- Regardless of where you end up, make sure you work with a teacher and a coach who work for you. The greatest blessing for me when I left Sydney was that I had so much TIME all of a sudden, which meant that I had the psychological space to work out what I wanted from my singing, and really spend the time finding what felt the healthiest, and what sounded the healthiest for me and my voice. I’ve had a lot of input and opinions given to me about my sound (and I’m truly grateful about this), but when I left Australia I was in a bit of a muddle. To have had the time to sort everything out and really work out what works for me is something I will always treasure. You won’t always have teachers and mentors around you who care about you, so make sure you know how to look after yourself as well.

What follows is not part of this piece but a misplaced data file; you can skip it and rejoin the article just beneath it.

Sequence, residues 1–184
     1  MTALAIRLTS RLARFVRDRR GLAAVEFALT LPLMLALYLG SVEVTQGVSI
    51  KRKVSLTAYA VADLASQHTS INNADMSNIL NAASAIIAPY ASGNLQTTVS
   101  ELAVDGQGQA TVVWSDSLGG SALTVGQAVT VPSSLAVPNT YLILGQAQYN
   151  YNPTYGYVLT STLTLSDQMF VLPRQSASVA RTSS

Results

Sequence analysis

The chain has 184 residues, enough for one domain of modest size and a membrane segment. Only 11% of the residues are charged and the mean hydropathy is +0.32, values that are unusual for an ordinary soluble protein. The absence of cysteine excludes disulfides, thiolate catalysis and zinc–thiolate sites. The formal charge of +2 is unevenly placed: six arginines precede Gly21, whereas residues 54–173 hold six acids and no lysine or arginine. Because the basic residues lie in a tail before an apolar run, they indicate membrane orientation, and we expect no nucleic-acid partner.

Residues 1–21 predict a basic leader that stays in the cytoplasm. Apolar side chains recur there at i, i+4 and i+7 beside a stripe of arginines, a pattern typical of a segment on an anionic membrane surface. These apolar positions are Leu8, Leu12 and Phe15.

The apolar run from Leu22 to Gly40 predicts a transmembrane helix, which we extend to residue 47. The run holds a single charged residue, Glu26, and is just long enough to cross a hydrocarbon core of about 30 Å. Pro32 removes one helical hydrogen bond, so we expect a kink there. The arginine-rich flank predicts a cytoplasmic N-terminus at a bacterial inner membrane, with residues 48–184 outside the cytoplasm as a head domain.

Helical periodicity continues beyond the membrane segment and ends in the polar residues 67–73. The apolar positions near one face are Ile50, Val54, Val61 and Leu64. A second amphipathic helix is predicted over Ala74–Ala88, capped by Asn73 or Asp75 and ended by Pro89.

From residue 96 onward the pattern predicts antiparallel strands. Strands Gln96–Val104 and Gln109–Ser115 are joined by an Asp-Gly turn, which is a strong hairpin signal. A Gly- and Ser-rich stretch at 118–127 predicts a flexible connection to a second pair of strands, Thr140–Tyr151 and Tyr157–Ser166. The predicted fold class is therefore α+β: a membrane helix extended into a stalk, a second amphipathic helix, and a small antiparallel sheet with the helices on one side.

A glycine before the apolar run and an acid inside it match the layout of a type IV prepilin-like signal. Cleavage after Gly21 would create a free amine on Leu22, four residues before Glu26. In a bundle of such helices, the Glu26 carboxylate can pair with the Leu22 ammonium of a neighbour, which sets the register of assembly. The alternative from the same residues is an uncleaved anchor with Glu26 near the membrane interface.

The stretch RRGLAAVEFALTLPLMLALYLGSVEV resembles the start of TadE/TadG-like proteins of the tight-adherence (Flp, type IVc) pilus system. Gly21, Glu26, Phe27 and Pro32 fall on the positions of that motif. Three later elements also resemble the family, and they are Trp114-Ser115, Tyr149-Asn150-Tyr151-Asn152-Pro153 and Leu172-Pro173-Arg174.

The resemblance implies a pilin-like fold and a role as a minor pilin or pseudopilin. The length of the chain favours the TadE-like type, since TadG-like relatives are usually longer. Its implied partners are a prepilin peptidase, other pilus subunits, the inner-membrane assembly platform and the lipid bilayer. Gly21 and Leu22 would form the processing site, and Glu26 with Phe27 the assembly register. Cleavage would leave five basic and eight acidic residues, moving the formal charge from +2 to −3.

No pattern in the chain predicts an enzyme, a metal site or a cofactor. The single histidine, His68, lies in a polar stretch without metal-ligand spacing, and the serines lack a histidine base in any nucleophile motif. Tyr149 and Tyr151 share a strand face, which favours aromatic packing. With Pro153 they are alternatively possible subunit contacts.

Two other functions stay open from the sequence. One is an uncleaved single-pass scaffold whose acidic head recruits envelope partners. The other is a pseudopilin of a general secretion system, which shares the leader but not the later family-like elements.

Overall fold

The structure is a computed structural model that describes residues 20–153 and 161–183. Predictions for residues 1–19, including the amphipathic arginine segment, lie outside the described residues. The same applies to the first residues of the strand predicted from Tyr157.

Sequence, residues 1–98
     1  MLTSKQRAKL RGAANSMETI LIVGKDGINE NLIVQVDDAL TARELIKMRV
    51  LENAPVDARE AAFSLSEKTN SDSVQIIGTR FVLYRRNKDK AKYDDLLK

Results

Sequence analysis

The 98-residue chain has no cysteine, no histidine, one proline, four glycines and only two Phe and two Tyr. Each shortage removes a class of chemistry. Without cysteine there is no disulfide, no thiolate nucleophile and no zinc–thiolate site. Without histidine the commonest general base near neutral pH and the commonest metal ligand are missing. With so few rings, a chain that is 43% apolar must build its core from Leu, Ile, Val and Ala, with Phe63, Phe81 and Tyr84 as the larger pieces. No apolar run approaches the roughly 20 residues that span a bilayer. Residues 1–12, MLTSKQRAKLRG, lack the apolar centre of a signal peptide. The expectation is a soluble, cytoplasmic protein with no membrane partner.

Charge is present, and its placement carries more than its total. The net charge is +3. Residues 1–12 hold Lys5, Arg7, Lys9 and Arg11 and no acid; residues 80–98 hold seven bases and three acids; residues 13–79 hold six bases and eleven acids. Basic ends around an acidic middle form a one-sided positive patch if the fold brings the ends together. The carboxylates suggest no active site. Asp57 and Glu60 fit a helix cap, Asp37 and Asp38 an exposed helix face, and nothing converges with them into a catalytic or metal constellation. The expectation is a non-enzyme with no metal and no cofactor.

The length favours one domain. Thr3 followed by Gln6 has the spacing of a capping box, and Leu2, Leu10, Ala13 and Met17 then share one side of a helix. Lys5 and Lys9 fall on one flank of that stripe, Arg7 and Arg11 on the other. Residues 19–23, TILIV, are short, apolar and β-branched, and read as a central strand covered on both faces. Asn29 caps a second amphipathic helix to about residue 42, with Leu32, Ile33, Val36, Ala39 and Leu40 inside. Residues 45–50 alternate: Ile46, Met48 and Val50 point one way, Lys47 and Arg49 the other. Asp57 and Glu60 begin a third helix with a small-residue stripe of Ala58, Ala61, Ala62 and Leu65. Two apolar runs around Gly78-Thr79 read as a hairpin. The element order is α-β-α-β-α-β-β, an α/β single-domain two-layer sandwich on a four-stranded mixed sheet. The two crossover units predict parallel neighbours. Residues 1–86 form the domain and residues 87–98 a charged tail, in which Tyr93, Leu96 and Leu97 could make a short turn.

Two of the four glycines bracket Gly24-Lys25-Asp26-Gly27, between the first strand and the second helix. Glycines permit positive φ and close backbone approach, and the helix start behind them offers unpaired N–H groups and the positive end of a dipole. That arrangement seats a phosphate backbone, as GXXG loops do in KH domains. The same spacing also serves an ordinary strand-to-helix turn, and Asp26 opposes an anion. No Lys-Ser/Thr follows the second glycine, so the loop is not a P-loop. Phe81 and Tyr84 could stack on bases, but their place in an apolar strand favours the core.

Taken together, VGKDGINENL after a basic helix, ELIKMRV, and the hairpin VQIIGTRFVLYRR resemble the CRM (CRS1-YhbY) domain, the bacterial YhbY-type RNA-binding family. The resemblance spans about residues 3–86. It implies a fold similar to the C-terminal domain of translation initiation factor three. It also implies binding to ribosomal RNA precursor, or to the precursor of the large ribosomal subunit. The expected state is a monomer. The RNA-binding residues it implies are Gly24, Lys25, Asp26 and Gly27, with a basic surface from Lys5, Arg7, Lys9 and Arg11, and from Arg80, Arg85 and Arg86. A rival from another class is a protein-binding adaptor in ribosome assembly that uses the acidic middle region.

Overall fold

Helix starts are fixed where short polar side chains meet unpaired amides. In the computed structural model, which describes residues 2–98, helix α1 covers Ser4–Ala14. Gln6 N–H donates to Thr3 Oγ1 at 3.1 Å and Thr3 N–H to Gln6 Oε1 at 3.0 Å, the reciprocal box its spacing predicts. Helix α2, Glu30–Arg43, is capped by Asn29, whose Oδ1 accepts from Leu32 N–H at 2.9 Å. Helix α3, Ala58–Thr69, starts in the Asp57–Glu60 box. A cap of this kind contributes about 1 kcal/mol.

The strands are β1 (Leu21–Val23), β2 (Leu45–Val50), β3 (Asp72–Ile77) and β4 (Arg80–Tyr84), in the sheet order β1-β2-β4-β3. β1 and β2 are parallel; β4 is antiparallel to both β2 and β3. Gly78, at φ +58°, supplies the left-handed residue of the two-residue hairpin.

- Even if you do well, the ups and downs of rejections will get on top of you some of the time. The emotional yoyo of wondering if you’ll actually make it is completely exhausting (some days it’s not, but some days it is). Make sure you have some key people and mentors you can call when you’re feeling down. Someone I love dearly was kind enough to offer to get on a plane to Europe and slap me in the face in person if I gave up – which at the time was exactly what I needed to hear.